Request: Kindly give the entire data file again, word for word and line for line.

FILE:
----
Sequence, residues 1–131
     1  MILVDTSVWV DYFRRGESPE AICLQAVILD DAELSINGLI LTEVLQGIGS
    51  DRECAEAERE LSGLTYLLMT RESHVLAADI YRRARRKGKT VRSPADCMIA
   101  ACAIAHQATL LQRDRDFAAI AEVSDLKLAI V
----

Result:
Sequence, residues 1–131
     1  MILVDTSVWV DYFRRGESPE AICLQAVILD DAELSINGLI LTEVLQGIGS
    51  DRECAEAERE LSGLTYLLMT RESHVLAADI YRRARRKGKT VRSPADCMIA
   101  ACAIAHQATL LQRDRDFAAI AEVSDLKLAI V